• During the twentieth century, schools, hospitals, and electricity were introduced to Libyan society, as a way of modernizing and developing the country.DownloadedFile-4.jpegLibyan food
Libya and the Italians
Brief History
wikipedia. org
"Italian Libya was formed from the colonies of Cyrenaica and Tripolitania which were taken by Italy from the Ottoman Empire in 1912 after the Italo-Turkish War of 1911 to 1912. Both Cyrenaica and Tripolitania, along with Fezzan, were merged into Italian Libya in 1934.
The colony expanded after concessions were made from the British colony of Sudan and a territorial agreement with Egypt. The Kingdom of Italy at the 1919 Paris "Conference of Peace" did not receive anything of the German colonies, but as a compensation was given from Great Britain the Oltre Giuba and France agreed to give some Saharan territories to the Italian Libya. After many discussions during the 1920s, it was only until 1935 that the Mussolini-Laval agreement was reached and Italy received the Aouzou strip that was added to Libya, but this agreement was not ratified later by France.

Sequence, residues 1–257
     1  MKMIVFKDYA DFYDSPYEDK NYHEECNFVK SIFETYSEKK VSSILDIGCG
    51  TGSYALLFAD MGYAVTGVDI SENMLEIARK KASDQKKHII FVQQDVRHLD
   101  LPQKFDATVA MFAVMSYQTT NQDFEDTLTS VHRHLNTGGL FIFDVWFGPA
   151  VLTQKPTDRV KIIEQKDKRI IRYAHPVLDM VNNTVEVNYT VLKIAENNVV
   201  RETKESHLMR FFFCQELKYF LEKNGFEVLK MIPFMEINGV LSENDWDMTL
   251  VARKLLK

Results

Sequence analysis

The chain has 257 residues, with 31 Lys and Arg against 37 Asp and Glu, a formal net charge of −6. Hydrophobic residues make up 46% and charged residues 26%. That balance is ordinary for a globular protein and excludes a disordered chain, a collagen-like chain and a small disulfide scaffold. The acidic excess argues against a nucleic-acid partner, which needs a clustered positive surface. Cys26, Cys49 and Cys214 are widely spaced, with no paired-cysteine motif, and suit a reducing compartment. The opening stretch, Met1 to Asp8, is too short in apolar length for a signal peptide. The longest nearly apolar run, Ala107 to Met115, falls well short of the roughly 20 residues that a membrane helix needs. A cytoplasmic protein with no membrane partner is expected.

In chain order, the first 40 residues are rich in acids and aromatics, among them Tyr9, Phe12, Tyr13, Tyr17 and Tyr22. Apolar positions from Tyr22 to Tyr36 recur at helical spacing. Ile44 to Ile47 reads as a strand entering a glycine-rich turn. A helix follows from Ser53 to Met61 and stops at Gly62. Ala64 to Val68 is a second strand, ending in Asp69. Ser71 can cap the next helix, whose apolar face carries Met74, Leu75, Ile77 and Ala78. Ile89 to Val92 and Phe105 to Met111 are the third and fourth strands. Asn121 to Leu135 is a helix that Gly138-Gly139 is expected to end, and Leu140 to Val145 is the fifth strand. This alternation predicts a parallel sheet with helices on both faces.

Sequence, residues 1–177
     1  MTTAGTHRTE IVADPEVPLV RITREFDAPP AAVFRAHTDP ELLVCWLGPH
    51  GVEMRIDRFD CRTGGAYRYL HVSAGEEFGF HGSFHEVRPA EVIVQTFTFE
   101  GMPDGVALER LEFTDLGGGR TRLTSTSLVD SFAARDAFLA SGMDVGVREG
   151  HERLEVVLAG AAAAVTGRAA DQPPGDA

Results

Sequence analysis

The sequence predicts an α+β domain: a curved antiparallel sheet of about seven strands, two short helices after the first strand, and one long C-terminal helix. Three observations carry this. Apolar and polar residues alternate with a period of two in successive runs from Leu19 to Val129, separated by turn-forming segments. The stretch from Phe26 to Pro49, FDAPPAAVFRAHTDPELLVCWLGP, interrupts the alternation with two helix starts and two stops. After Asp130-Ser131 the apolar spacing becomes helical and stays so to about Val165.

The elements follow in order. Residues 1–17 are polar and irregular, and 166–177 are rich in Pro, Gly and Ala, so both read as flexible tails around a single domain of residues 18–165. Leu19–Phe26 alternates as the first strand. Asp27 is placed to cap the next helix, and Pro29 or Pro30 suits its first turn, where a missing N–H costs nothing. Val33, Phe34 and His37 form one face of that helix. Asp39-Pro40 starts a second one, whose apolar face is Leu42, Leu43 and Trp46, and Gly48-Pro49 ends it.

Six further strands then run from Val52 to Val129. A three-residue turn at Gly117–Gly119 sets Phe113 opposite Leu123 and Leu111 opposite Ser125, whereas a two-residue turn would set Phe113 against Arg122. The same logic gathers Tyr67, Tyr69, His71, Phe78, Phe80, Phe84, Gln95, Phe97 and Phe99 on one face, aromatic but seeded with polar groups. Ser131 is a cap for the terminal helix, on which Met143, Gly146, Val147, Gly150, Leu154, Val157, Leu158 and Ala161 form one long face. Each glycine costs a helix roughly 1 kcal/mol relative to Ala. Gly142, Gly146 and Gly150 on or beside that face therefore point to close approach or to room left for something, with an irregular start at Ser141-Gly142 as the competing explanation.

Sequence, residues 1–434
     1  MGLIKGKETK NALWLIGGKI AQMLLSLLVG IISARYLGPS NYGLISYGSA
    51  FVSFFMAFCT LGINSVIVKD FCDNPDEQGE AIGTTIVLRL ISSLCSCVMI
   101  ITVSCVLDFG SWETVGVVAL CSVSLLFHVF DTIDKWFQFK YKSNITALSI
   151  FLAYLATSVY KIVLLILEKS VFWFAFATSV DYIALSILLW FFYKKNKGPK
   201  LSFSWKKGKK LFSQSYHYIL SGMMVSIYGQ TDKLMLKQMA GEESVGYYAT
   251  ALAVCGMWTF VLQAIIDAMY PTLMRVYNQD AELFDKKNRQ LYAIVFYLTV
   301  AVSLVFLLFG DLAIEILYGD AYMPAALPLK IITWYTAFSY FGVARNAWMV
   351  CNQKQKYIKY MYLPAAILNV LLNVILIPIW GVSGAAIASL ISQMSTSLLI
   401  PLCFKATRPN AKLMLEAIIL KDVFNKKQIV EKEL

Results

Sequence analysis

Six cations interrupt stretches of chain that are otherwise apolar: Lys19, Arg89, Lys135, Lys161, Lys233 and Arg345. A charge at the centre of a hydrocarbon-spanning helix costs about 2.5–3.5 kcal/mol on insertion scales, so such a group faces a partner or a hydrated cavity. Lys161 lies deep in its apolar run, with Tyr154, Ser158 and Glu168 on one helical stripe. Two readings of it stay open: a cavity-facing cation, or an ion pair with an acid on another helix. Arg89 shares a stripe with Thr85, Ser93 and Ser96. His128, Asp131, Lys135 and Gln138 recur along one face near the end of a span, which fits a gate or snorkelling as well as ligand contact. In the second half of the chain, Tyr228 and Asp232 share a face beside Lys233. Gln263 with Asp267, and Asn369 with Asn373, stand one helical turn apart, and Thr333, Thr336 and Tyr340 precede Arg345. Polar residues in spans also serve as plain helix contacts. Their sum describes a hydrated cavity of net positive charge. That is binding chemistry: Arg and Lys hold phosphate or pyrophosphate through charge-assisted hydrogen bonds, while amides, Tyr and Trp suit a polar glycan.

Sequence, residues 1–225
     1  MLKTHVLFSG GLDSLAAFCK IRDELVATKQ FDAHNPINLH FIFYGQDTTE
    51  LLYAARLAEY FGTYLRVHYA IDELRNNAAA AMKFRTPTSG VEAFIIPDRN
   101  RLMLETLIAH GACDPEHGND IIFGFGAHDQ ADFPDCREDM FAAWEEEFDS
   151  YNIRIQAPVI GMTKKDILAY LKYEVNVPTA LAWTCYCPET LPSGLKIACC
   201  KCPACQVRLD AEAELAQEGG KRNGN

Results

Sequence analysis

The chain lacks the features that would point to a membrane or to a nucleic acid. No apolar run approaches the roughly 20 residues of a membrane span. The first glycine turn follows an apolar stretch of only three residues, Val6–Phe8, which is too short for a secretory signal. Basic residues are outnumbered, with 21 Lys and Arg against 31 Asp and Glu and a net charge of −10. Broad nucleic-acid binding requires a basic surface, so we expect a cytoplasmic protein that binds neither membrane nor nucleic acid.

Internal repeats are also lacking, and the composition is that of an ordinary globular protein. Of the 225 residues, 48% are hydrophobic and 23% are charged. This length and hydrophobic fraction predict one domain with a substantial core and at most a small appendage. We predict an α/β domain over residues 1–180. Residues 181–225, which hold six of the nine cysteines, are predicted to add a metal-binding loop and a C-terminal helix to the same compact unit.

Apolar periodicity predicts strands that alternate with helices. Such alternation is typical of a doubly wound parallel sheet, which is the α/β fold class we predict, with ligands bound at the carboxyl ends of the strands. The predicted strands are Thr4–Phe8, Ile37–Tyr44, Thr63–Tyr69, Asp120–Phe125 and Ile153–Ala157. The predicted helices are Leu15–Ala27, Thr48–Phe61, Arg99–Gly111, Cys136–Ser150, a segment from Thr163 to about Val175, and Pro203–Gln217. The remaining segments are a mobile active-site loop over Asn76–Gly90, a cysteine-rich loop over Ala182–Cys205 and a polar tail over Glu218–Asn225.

Libya was lost as a colony in early 1943 when it was occupied by the Allied powers near the end of the North African Campaign."
  • The Italians occupied Libya for thirty years from 1911-1940
  • In that time, they established a public works system, 400km of new railroads, 4,000 km of new roads, and Libya's economy flourished
  • Italian farmers were able to farm Libya's land that had been swallowed by the harsh deserts and geographical features
  • Archaeology flourished, and Libya became a haven for Italian immigrants
  • In 1938, the governor of Libya, Italo Balbo, had 20,000 Italian farmers cultivate Libya's land, and created 26 new villages that were situated mostly in the heart of Cyrenaica